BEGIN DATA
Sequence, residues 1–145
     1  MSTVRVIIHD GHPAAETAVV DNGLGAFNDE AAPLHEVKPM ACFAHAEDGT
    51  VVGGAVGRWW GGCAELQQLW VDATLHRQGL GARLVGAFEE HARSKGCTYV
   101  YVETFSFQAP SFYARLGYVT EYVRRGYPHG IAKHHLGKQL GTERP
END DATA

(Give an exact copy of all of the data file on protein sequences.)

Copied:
Sequence, residues 1–145
     1  MSTVRVIIHD GHPAAETAVV DNGLGAFNDE AAPLHEVKPM ACFAHAEDGT
    51  VVGGAVGRWW GGCAELQQLW VDATLHRQGL GARLVGAFEE HARSKGCTYV
   101  YVETFSFQAP SFYARLGYVT EYVRRGYPHG IAKHHLGKQL GTERP